The Access Control safeguard ensures there is no unauthorized access of devices by a person other than an authorized, specifically known user. This is accomplished through unique usernames, passwords, and auto-logoff features. There should also be an Emergency Access Procedure to assure access to ePHI can be accomplished in the event of an emergency. Additionally, you should implement a system that encrypts messages when sending outside of your network and decrypt t messages coming into the organization. All ePHI must meet the standards set by the National Institute of Standards and Technology, regardless of whether the information is at rest or in transit.

Audit Control

Creating an audit trail is part of any sound security policy. Accordingly, a health IT professional will want to create, store, and protect appropriate log files of all security sensitive actives that take place during all access sessions. The Audit Control safeguard requires the entity be able to produce an audit trail across hardware, software, and/or all procedural mechanisms. Additionally, if a patient asks, “who has seen my health information,” the organization should be prepared to respond to such patient accounting requests. Furthermore, HIPAA requires a covered entity “to regularly review records of information system activity, such as audit logs, access reports, and security incident tracking reports.”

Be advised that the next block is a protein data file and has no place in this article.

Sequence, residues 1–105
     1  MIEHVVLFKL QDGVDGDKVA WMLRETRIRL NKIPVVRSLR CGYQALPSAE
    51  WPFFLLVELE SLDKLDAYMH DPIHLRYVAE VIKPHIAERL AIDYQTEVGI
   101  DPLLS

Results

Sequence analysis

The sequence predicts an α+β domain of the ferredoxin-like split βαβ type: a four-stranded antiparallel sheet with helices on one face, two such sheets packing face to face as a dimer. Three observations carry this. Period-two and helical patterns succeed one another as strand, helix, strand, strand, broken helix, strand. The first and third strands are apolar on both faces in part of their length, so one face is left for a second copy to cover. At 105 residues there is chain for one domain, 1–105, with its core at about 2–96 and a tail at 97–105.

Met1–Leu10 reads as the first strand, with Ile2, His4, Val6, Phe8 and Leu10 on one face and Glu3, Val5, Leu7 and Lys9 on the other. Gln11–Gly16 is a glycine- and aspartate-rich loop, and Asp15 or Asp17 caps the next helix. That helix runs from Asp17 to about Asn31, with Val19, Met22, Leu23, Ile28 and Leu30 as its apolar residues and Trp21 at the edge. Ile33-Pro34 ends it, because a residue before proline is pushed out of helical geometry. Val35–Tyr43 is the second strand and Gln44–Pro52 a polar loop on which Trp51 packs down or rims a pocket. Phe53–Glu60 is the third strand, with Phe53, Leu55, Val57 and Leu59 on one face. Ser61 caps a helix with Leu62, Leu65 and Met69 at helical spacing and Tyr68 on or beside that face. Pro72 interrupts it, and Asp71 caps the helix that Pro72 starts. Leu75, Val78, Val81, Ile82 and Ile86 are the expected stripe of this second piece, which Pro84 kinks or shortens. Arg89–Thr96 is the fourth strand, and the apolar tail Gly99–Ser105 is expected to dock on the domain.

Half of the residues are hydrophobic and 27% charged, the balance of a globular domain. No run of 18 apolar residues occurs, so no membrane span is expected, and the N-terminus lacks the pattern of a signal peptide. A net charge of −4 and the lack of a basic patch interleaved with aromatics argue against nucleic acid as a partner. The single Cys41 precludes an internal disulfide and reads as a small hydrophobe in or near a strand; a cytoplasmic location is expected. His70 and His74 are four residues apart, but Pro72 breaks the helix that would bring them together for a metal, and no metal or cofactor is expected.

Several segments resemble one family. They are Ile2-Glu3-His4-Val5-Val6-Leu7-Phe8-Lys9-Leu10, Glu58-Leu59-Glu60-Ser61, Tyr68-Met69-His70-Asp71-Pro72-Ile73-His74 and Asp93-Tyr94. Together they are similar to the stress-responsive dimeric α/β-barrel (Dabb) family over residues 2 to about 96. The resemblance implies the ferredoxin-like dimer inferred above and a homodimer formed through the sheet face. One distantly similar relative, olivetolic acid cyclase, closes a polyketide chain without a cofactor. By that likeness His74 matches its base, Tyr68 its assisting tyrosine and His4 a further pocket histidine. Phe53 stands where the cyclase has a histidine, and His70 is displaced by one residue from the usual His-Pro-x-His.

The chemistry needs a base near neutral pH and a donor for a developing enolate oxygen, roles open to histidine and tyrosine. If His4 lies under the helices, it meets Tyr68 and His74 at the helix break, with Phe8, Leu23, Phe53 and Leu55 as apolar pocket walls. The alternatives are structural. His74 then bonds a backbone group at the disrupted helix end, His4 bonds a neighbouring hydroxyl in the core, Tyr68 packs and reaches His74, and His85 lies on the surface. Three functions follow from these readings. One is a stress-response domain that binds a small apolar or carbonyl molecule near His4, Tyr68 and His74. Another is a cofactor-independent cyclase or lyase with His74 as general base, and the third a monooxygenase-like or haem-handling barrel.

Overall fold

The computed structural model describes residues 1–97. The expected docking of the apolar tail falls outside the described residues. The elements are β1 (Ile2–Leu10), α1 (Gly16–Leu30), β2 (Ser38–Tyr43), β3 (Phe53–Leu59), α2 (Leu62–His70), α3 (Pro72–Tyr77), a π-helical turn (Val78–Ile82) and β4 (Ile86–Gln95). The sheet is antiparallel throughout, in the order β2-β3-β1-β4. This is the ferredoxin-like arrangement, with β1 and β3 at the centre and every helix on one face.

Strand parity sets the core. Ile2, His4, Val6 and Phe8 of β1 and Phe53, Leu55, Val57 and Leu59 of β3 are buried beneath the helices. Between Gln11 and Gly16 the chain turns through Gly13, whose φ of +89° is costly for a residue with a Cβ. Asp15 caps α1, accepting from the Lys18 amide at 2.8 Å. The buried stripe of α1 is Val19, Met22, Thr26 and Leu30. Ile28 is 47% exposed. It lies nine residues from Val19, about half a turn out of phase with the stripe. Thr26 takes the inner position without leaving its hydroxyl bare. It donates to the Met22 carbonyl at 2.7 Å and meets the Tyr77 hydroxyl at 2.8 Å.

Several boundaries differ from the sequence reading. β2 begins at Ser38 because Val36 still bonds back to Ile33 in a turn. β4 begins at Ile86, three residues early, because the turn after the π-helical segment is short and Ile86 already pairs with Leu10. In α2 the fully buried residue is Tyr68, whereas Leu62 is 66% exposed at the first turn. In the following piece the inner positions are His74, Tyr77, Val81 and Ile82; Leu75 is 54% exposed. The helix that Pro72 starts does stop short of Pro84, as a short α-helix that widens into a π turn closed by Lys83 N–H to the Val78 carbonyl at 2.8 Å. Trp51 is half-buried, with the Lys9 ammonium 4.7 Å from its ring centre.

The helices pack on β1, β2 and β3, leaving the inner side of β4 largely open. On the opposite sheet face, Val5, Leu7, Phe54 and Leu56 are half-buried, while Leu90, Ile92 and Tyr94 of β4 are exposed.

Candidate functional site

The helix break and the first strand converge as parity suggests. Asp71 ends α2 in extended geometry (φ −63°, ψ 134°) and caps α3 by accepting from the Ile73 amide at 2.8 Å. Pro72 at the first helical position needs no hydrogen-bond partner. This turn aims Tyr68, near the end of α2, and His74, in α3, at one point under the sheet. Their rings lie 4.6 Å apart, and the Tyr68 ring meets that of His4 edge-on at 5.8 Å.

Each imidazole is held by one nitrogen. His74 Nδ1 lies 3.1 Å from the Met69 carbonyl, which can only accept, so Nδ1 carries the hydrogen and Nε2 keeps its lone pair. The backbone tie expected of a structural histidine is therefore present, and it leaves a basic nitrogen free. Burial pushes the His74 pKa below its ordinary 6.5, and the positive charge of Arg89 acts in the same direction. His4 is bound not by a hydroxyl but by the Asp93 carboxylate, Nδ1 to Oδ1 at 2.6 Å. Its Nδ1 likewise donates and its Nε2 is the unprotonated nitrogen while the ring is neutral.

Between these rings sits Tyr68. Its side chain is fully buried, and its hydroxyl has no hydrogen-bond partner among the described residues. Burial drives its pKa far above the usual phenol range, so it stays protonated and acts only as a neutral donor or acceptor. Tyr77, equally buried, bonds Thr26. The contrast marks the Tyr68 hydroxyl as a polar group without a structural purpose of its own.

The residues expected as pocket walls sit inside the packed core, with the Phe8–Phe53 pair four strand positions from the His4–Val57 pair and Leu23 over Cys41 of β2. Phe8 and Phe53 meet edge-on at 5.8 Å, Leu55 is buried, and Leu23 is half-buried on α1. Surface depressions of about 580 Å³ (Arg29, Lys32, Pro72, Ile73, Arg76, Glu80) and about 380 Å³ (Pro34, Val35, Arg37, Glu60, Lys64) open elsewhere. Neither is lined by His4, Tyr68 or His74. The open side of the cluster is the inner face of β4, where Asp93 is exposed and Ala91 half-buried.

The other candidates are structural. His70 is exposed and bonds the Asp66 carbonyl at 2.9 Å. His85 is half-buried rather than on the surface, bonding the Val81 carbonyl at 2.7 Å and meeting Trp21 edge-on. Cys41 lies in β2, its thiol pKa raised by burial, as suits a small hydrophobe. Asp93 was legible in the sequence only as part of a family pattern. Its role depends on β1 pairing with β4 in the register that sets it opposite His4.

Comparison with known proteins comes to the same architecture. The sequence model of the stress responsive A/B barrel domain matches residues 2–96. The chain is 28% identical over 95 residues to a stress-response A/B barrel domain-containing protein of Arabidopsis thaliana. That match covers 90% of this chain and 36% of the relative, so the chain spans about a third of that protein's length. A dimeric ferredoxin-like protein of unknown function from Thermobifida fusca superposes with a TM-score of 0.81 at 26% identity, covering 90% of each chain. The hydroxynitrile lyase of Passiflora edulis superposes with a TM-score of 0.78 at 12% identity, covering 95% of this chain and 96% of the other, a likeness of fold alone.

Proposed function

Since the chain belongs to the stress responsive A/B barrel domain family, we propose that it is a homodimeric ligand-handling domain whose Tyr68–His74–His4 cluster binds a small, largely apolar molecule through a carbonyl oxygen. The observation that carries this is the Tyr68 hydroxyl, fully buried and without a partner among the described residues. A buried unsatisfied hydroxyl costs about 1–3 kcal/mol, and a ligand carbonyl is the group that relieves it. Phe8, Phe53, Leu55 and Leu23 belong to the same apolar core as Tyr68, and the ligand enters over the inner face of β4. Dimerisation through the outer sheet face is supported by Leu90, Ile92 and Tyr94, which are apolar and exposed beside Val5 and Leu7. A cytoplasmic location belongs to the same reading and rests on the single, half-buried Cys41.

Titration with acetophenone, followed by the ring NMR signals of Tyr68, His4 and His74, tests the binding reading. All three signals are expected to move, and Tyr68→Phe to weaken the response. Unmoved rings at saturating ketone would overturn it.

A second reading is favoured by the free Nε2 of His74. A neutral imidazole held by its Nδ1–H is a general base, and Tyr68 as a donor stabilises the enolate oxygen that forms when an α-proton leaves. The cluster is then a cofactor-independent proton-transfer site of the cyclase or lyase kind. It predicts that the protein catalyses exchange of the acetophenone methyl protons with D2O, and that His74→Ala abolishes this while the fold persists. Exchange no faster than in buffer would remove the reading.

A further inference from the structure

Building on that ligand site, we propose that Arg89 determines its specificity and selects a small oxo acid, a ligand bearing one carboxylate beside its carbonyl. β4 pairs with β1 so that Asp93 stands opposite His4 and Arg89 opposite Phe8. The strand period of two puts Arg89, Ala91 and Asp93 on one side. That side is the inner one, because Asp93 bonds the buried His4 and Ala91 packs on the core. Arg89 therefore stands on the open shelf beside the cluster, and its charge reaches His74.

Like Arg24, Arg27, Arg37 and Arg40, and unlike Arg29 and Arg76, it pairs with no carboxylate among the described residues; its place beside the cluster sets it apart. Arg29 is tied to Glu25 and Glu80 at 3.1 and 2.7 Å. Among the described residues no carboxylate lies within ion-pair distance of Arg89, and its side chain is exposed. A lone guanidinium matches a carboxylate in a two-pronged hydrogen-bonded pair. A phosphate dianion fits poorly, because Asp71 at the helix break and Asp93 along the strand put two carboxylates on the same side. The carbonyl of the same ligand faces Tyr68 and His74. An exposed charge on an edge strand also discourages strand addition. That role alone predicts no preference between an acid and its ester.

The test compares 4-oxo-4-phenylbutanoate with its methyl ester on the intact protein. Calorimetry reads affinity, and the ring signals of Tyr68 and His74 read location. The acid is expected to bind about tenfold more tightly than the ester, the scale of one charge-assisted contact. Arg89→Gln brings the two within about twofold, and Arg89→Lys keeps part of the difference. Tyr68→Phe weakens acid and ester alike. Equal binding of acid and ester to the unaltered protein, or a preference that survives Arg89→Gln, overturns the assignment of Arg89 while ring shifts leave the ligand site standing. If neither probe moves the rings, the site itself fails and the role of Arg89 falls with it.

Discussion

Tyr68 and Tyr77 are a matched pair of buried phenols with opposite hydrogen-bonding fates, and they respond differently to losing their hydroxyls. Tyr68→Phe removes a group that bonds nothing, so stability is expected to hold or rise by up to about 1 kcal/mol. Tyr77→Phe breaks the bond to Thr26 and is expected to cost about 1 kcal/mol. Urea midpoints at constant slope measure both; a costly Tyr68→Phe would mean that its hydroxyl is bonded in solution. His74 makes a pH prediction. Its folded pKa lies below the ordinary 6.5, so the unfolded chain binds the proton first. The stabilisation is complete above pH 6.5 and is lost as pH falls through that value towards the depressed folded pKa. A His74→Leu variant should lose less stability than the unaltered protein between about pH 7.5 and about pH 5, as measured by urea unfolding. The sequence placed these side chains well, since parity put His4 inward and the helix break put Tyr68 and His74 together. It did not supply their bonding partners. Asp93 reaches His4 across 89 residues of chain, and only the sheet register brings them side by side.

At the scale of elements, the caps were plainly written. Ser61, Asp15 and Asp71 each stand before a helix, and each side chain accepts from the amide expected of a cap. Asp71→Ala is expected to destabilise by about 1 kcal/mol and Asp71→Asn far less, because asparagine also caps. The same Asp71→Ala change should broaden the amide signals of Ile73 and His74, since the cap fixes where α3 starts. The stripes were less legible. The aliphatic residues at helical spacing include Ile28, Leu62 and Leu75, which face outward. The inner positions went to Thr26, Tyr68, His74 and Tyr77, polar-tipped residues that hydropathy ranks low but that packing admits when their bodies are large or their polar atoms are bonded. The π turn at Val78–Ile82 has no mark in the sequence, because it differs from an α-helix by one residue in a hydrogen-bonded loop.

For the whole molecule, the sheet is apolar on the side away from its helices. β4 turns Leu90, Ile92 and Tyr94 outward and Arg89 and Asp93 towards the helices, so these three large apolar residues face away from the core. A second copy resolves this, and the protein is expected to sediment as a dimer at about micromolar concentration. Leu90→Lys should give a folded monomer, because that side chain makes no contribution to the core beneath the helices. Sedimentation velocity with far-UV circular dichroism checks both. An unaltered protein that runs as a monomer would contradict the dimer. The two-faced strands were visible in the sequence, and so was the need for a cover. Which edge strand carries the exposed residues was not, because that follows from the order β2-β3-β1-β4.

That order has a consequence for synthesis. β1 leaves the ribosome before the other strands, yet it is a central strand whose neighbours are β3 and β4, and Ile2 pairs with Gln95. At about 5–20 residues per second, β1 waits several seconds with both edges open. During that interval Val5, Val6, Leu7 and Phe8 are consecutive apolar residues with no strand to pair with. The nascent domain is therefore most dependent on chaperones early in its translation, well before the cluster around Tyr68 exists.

Person or Entity Authentication

The Person or Entity Authentication standard requires a covered entity to verify people (or entities) seeking access to ePHI are who they say they are in any electronic communication. It is fundamental that healthcare IT professionals know who is accessing their network, software, and systems and that person gaining access is the one who is authorized. Many hospitals allow vendors to access their systems via shared IDs. This is a direct violation of HIPPA and HITECH as they require the use of unique user IDs. This can be quickly rectified by using tokens, smart cards or keys, password/PINS, or biometrics. There are pros and cons of each authentication method, and it is the responsibility of IT Security personnel to determine which methodologies to implement across their organizations. In many cases, one single methodology may not suffice so multiple levels of authentication will be the solution.